VOLUME 19 #2

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Art Trembanis underwater
Photo courtesy of UD/UC-Davis NEEMO 2011
Art Trembanis on a dive with the autonomous underwater vehicle

Underwater vehicles, astronauts and asteroids

RESEARCH | At NASA, sights are set on asteroid exploration, which is just as tricky as it sounds. An asteroid has little gravitational force, which rules out walking on one. Anchoring to the surface is a solution, but because an asteroid comprises so many different materials, even that is a challenge.

So how is the space agency planning for such a task? In May, it sent teams underwater to prepare for a simulated mission to a near-Earth asteroid in October. The effort, coordinated by NASA’s Extreme Environment Mission Operations project, took place 3.5 miles off Key Largo, Fla., at the Aquarius Underwater Laboratory.

“An underwater habitat provides an environment where you have to consider life support, communication, food and supplies and near weightlessness, which is what the astronauts are going to encounter on this kind of object,” says Art Trembanis, assistant professor of geological sciences at UD.

Trembanis, Doug Miller, associate professor of oceanography, and collaborator Alex Forrest of the University of California–Davis were on hand during the project’s first planning phase May 1–5, though they weren’t in the underwater habitat as the astronauts will be for their simulated mission. They worked from a surface vessel to deploy UD’s autonomous underwater vehicle (AUV), which uses cameras, sonar sensors and other instruments to gather all types of vital underwater information.

Their goal was to provide baseline mapping of the area and to determine what the terrain looks like, what it is made of, the available resources and the environmental conditions. All that information will help the NASA experts planning the simulation mission make decisions such as what kinds of wetsuits are needed or where to place an obstacle the astronauts will use to practice their asteroid-walking skills.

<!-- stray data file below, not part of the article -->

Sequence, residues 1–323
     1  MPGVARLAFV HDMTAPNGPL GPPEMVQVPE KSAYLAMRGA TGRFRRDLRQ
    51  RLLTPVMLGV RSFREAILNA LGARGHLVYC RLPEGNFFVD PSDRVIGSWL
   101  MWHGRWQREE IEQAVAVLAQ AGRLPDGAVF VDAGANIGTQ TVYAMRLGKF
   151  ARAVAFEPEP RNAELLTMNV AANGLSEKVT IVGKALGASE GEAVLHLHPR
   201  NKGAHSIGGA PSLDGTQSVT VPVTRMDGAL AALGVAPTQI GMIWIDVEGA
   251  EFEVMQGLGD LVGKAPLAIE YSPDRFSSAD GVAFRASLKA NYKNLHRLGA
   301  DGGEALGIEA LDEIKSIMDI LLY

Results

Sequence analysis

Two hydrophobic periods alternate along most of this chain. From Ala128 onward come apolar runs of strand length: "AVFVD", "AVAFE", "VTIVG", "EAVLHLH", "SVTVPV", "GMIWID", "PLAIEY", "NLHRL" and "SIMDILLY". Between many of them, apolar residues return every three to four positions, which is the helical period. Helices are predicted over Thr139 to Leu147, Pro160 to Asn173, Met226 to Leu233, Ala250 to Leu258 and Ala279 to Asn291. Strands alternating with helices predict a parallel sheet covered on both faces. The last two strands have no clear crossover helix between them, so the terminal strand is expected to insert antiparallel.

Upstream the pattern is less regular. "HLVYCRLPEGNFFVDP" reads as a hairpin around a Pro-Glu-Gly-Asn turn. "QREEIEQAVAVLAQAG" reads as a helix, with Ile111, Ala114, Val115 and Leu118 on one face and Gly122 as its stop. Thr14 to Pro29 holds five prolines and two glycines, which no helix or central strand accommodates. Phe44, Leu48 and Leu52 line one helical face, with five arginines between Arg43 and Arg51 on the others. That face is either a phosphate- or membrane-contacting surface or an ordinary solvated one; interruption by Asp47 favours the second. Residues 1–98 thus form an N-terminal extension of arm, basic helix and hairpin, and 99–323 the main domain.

“Our role was to gather as much information as we could,” Trembanis says, “and to maximize the potential for exploration.”

Over four days, the robot covered 62 miles and collected water quality parameters such as salinity, temperature and dissolved oxygen and more than 12 hours of high-definition video and 85,000 images. Because the AUV is much more agile than the tethered robots previously used to scout the area around Aquarius, it was able to gather more information than ever before.

“Surface ships had a tough time because there’s a whole series of cables,” Trembanis says. “The AUV allowed us to get in there.”

The team collected the information with funding from NASA, but the data will have valuable ocean science uses as well, Trembanis says. For instance, he plans to compare them with similar data collected for a Sea Grant-funded project that studies habitats around reef systems in Delaware Bay.

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The endeavor also afforded some exceptional opportunities for UD students. Graduate students Jonathan Gutsche and Bryan Keller helped deploy the AUV on its missions in Florida, and graduating geology major Lyle De La Rosa helped process data and determine targets for exploration during the trip.

“I’m gaining some amazing tools and knowledge that not a lot of people have in my major,” he says.

Students back at UD also got in on the action, watching video and data from the site on the large screens of the Visualization Lab.

Article by Elizabeth Boyle

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